Taking the Turkish road to good health | TheFencePost.com

Taking the Turkish road to good health

Barbara Guilford
Cheyenne, Wyo.

Barbara GuilfordTurkish Table set for friends.

The Friendship Force Clubs of Cheyenne, Wyo., and Grand Junction, Colo., returned from their international exchange to Izmir, Turkey, bursting with newfound understandings.

The group gained a new view of an open and tolerant country through the gracious and thoughtful attention of our hosts in Turkish homes. Frank conversations and common connections blossomed as the participants sat down at the beautiful tables spread with delicious delicacies. Our new friends apparently relied on an old Turkish proverb that stated, “The road to the soul runs through the throat!”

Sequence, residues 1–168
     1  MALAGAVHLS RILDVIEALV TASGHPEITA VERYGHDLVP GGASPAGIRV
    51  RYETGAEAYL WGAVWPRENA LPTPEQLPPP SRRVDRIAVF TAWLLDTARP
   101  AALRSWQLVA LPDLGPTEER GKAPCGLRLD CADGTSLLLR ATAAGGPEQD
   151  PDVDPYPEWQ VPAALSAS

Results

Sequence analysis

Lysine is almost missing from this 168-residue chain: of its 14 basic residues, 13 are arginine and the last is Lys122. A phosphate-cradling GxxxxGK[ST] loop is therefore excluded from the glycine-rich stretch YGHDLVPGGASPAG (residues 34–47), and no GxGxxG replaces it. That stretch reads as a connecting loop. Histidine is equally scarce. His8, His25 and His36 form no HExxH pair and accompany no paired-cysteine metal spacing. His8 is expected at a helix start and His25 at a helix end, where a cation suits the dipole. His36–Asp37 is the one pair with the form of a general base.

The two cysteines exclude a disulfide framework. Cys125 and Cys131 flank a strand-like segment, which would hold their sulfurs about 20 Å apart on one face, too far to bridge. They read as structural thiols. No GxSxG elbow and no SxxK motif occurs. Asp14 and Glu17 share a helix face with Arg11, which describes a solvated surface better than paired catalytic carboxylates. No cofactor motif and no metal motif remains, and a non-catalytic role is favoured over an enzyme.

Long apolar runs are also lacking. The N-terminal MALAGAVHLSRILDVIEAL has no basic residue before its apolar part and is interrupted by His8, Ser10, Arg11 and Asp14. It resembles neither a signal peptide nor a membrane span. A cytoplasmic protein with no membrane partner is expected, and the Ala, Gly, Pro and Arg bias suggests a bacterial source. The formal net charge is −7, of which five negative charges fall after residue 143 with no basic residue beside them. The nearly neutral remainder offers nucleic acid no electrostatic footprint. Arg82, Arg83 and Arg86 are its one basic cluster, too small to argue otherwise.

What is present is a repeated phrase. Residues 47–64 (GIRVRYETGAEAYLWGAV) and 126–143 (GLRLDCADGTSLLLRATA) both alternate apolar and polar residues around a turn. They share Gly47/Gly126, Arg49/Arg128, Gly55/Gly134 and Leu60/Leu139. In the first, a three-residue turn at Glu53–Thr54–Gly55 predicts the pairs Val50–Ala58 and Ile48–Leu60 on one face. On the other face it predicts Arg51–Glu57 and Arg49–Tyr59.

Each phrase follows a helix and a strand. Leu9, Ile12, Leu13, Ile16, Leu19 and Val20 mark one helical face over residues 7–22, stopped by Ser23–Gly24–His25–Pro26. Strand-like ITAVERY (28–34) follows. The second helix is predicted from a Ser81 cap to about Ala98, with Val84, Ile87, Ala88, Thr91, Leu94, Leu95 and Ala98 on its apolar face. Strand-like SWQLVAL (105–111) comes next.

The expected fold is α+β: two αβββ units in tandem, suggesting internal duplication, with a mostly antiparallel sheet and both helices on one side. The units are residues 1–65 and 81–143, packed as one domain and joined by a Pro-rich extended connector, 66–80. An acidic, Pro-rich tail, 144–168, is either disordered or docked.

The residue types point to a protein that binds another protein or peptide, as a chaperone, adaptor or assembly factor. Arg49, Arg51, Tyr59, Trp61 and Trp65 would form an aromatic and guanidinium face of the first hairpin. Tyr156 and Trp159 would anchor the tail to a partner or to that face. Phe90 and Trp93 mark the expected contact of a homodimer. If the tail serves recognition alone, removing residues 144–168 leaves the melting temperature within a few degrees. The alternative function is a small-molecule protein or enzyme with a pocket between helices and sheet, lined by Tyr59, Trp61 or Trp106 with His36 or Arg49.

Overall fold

Turkish homes are nurturing places. My husband Dennis and I stepped inside the front door to find a welcome sign that wrapped us in warmth. According to Turkish tradition, a stranger at one’s doorstep is considered “a guest from God” and is treated accordingly. A table was set for dinner even though it was close to 10 p.m. Food protocol in Turkey calls for eating three “sit-down meals” each day. Dinner starts when families get home from their busy day and gather for the most important meal of the day and we were now part of the family. The menu consisted of three or more dishes that were served in succession.